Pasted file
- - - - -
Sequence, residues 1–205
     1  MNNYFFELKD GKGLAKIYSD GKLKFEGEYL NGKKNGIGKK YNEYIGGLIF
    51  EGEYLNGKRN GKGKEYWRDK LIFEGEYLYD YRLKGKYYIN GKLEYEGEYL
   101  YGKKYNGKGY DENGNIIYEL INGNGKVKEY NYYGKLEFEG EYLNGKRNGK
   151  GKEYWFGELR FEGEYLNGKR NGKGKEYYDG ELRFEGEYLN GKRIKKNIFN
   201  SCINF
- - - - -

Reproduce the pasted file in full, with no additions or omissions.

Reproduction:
Sequence, residues 1–205
     1  MNNYFFELKD GKGLAKIYSD GKLKFEGEYL NGKKNGIGKK YNEYIGGLIF
    51  EGEYLNGKRN GKGKEYWRDK LIFEGEYLYD YRLKGKYYIN GKLEYEGEYL
   101  YGKKYNGKGY DENGNIIYEL INGNGKVKEY NYYGKLEFEG EYLNGKRNGK
   151  GKEYWFGELR FEGEYLNGKR NGKGKEYYDG ELRFEGEYLN GKRIKKNIFN
   201  SCINF